This has turned out to be the start of an excellent weekend. I spent my day at Fairchild Air Force Base, as part of the ESGR Boss Lift event.
Nearly 30-40 employers were invited to spend a day on the base, touring, learning about the base’s function, taking part in a weapons simulation and going on a refueling flight.
Leaving my place a bit early, around 6:15, I thought there would be no problem getting on the base. Instead, a massive traffic jam greeted myself and everyone else headed there. I swear, this month has been one terrible traffic trauma after another. Nearly 20 minutes later, and I’d gone about a quarter of a mile, making it inside the gates.
Despite the mass amount of people, it was a privilege to be among the men and women who put on the uniform. Looking at the surrounding vehicles, it gave me chills being with them.
Breakfast consisted of a briefing of Fairchild’s mission, history and my first experience with a parfait. I’ll have to try another in the near future. Despite a seething hatred of yogurt, this was pretty good.
To be frank, I was surprised to see that there were so few employers from the area in attendance. The members of the National Guard who spoke to us emphasized how important it was to know they had a secure job when returning from deployment. I felt guilty, being thanked for a comparatively small service that I’ve made to National Guard members over the past two years.
They are the ones who deserve the thanks.
Following breakfast, we were taken out to another building, where they housed a rifle shooting simulation operation. An air-powered hose connected to the four guns created a similar feel to that of a real bullet. A (somewhat cheesy) video scenario played out, where the instructor was able to track where bullets went and coach us on how to improve our posture and approach. The scenario helps teach soldiers when to fire, and if they’ve made a successful shot.
After a few of us took our turns, a group of guardsmen stepped up… the poor man on the screen had no chance.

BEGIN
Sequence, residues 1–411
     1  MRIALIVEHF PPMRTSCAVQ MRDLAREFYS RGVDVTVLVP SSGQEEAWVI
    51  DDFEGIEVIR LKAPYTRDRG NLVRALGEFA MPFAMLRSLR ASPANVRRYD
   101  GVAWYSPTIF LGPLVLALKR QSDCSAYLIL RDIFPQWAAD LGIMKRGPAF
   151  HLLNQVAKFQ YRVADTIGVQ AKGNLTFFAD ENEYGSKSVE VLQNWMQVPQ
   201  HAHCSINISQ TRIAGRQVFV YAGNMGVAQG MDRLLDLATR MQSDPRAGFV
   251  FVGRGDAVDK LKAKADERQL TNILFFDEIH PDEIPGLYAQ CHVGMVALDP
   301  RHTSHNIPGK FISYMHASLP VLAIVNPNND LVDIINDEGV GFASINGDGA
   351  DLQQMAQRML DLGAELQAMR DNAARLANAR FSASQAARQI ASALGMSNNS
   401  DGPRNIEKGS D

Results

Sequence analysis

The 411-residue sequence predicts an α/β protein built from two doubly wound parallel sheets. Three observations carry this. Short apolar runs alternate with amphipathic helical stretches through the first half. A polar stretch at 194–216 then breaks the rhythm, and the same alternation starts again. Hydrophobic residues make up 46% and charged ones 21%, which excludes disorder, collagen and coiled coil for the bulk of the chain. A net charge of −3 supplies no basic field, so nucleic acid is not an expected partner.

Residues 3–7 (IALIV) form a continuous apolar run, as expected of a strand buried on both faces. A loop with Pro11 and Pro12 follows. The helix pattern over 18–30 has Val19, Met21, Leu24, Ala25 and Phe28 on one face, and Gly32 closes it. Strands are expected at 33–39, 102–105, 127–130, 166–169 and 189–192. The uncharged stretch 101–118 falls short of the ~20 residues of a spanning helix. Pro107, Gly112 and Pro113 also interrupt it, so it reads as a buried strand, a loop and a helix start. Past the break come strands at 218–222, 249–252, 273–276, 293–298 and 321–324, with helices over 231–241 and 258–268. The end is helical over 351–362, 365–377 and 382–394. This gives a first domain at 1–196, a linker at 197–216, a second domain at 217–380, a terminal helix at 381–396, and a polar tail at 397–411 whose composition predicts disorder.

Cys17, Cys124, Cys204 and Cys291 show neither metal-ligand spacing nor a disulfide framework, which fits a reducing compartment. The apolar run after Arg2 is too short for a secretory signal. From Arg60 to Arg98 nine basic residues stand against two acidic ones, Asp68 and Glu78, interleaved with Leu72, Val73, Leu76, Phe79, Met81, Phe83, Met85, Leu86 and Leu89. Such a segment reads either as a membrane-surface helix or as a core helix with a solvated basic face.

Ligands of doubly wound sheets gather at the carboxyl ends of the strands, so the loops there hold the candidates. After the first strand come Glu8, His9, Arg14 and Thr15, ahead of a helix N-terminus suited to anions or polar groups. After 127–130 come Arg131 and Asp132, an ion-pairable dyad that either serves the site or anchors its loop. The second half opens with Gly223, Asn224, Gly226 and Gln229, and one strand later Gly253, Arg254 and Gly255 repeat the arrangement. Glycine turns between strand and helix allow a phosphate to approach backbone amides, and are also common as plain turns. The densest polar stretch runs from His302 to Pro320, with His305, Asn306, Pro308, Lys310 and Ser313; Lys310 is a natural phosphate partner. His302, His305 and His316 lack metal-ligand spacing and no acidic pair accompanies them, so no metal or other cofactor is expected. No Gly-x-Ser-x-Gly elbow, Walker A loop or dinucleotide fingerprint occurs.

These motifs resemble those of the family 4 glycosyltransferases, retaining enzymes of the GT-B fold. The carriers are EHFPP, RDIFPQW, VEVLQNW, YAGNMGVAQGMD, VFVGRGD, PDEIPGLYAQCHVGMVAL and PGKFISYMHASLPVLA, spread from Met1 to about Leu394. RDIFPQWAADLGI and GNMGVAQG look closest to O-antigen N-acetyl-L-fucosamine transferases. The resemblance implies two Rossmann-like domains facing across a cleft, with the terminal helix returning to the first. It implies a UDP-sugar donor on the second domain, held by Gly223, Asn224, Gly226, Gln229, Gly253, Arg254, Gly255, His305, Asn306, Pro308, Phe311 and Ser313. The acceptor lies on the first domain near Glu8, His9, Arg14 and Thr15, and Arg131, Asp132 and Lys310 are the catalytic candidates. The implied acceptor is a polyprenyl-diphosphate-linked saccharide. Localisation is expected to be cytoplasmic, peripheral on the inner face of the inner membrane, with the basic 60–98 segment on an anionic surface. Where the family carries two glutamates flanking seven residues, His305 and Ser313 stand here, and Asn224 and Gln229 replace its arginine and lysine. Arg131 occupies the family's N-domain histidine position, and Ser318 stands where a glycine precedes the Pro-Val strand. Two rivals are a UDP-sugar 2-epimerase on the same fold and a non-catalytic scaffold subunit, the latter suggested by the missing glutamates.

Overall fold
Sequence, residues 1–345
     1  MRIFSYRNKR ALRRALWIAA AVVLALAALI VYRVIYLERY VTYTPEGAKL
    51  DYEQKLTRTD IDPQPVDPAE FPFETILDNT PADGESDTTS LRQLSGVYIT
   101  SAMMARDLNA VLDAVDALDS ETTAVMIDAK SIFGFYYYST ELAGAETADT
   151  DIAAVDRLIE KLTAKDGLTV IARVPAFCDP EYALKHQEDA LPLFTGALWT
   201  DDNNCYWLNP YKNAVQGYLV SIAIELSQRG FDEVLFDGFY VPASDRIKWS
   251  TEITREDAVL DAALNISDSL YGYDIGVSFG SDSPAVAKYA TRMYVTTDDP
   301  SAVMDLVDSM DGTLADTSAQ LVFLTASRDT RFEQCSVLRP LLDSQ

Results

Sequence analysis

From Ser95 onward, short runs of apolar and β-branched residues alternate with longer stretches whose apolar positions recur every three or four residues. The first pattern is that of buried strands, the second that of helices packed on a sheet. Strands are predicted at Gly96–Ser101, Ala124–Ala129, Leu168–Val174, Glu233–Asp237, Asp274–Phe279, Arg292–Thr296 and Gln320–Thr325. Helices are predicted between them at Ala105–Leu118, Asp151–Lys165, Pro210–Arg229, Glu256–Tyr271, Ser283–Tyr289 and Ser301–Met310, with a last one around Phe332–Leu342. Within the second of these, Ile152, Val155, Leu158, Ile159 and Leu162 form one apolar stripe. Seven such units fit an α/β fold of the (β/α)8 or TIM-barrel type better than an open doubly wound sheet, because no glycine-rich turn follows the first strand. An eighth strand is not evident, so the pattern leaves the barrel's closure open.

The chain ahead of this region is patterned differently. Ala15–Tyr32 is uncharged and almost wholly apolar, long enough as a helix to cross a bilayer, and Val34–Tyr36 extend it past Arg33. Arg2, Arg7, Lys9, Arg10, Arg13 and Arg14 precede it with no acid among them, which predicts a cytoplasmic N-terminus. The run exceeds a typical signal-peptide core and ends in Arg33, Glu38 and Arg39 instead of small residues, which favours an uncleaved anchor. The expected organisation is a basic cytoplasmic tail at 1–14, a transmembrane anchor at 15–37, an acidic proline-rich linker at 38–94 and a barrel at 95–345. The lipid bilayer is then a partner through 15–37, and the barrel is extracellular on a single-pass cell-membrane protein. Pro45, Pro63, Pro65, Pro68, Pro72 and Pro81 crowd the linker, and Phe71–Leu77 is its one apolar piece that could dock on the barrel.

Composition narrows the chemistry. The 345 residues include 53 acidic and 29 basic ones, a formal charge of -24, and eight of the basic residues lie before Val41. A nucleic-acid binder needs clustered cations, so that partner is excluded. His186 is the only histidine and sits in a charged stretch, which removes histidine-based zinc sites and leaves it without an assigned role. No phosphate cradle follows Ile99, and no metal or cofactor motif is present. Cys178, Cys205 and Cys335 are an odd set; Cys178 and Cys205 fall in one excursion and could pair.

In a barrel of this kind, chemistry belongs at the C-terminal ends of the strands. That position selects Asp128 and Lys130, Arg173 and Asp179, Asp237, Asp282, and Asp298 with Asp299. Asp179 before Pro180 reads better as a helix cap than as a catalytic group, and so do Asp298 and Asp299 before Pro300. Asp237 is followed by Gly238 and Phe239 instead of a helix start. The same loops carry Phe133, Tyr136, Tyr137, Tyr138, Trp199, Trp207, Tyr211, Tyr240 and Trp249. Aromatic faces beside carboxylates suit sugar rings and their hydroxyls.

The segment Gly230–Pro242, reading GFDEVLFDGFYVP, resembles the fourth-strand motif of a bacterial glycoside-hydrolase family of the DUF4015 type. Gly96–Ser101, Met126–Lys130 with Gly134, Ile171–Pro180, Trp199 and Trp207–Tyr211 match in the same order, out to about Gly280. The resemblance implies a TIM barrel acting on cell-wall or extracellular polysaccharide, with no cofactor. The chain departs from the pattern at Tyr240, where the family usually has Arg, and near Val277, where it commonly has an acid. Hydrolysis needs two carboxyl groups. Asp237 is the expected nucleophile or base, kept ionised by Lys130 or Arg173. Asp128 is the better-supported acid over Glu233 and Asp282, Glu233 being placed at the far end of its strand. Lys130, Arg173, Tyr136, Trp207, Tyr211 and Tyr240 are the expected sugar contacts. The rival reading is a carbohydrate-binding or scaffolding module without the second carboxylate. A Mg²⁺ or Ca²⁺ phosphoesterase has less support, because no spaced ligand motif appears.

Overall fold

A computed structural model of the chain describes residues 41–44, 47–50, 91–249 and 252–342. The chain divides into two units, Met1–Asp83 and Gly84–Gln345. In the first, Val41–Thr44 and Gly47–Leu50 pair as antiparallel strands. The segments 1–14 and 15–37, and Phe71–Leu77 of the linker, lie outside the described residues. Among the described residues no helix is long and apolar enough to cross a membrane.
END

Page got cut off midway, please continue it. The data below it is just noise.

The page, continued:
Fairchild houses three medical tents in one of their hangars. One of those tents can be deployed in 12 to 24 hours. Nine of these tents are stationed across the U.S.: three at Fairchild, three in Kansas and another three in Pennsylvania.
Our refueling flight was being piloted by Dale Smith, a pilot with nearly 30 years of experience. It was his final flight before retiring. Part of the base’s media personnel were on hand for the flight, taking video and photos of those on board. Now, I’m used to being the one with the camera… just not with three pointed on me at every move.
The crew was surprisingly relaxed, and had playful banter with all of us at some point. Altogether, they are a good group of guys that trust each other to do their jobs. While they may have some lighthearted jokes from time to time, they know when to get into action. You really see the full spectrum of boot camp training when you’re on the base. There is the individualistic side of a guardsman, and then in an instant the duty side kicks in when work needs to be done.
Flying on a 50-year-old aircraft wasn’t nearly as bad as expected. Sure, there were more creaks and groans than a geriatric getting out of bed, and the temperature flashed from boiling hot to arctic cold, but it was all worth it.
It was an honor to spend the day with some of the finest soldiers in the military. Although they may have been thanking employers for their support, the real thanks go out to them. Without the sacrifice and dedication of our armed forces, we as a people are nothing. They are our rock, our inspiration and the reason why we can go to bed safely at night.
A mere “thank you” is hardly enough.